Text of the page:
Macave, O.A., Ribeiro, N.S., Ribeiro, A.I., Chaúque, A., Bandeira, R., Branquinho, C. & Washington-Allen, R. (2022) Modelling aboveground biomass of Miombo Woodlands in Niassa Special Reserve, Northern Mozambique.Forests, 13(2), 311. DOI:10.3390/f13020311 (IF2021 3,282; Q2 Forestry)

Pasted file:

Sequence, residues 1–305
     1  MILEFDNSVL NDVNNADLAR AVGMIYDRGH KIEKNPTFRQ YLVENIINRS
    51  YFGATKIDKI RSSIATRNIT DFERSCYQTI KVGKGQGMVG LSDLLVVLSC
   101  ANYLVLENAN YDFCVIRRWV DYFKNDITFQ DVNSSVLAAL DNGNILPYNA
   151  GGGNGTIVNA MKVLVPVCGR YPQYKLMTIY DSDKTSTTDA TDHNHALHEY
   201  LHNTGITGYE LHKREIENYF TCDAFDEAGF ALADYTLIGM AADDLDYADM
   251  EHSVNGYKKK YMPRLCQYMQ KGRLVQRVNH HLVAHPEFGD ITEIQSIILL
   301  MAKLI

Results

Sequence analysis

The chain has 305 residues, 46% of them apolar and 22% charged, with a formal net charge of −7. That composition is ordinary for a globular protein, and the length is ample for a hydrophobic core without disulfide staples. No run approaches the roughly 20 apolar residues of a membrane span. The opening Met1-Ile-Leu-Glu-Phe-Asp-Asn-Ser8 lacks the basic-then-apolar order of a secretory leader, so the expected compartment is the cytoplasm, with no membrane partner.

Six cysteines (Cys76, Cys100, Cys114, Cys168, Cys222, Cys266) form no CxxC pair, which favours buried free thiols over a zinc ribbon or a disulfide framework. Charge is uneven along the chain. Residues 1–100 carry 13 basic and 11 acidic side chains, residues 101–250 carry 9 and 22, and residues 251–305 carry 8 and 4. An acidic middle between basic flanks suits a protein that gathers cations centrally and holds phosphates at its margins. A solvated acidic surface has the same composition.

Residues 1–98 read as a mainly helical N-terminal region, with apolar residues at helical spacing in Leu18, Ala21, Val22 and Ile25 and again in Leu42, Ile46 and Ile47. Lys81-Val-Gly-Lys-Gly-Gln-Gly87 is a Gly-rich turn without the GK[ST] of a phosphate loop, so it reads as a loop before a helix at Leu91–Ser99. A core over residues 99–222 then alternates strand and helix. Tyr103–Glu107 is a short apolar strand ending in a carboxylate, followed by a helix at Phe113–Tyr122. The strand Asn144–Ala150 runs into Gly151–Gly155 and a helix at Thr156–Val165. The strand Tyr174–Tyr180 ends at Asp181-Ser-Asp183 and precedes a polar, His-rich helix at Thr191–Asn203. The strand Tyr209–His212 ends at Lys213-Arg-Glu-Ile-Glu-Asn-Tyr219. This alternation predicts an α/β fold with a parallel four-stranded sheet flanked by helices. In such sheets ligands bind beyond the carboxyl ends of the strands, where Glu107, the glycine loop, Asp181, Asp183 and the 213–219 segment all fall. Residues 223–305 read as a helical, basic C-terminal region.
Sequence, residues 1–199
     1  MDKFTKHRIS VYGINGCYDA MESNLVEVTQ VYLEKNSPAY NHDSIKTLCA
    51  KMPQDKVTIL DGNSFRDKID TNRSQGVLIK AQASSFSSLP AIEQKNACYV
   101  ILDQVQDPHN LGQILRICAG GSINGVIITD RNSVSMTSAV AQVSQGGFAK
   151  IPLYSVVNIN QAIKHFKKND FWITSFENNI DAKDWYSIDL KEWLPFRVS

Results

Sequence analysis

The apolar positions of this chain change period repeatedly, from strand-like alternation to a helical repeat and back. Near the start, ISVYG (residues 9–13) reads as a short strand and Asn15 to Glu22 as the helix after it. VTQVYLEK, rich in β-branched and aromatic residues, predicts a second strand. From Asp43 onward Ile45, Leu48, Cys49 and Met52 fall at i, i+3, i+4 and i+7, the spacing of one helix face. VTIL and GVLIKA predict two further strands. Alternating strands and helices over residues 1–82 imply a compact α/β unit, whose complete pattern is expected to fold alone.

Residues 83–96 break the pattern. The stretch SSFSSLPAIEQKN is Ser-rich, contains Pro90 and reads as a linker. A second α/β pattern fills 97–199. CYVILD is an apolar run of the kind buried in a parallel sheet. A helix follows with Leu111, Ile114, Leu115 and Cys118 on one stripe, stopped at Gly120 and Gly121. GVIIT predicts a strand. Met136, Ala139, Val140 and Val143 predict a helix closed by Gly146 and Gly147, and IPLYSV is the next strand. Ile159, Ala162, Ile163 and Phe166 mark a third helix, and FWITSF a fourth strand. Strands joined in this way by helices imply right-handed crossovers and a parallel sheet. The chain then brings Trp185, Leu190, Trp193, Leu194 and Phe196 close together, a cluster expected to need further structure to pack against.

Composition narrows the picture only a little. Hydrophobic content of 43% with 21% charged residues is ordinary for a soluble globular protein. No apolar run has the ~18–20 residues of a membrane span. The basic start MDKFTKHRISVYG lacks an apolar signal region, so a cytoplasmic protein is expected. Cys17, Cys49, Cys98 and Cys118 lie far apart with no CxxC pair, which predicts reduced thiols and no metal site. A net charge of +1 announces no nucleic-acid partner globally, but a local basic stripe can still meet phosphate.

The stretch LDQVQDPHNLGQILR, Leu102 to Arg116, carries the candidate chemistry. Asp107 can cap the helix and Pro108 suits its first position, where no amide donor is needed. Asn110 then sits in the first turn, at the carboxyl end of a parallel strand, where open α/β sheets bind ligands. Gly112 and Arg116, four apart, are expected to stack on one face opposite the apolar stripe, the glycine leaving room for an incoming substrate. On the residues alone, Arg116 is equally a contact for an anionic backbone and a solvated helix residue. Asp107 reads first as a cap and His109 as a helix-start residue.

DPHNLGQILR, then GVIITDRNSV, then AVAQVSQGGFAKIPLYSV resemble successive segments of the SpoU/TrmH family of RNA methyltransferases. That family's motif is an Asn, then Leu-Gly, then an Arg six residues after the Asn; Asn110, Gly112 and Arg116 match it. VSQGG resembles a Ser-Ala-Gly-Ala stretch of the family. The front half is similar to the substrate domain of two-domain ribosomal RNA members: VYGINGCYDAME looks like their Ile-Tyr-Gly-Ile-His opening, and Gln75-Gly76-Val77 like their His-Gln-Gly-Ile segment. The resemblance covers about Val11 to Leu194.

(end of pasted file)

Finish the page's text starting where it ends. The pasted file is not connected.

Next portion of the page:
Aboveground biomass (AGB) estimation plays a crucial role in forest management and carbon emission reporting, especially for developing countries wishing to address REDD+ projects. Both passive and active remote-sensing technologies can provide spatially explicit information of AGB by using a limited number of field samples, thus reducing the substantial budgetary cost of field inventories. The aim of the current study was to estimate AGB in the Niassa Special Reserve (NSR) using fusion of optical (Landsat 8/OLI and Sentinel 2A/MSI) and radar (Sentinel 1B and ALOS/PALSAR-2) data. The performance of multiple linear regression models to relate ground biomass with different combinations of sensor data was assessed using root-mean-square error (RMSE), and the Akaike and Bayesian information criteria (AIC and BIC). The mean AGB and carbon stock (CS) estimated from field data were estimated at 56 Mg ha−1 (ranging from 11 to 95 Mg ha−1) and 28 MgC ha−1, respectively. The best model estimated AGB at 63 ± 20.3 Mg ha−1 for NSR, ranging from 0.6 to 200 Mg ha−1 (r2 = 87.5%, AIC = 123, and BIC = 51.93). We obtained an RMSE % of 20.46 of the mean field estimate of 56 Mg ha−1. The estimation of AGB in this study was within the range that was reported in the existing literature for the miombo woodlands. The fusion of vegetation indices derived from Landsat/OLI and Sentinel 2A/MSI, and backscatter from ALOS/PALSAR-2 is a good predictor of AGB.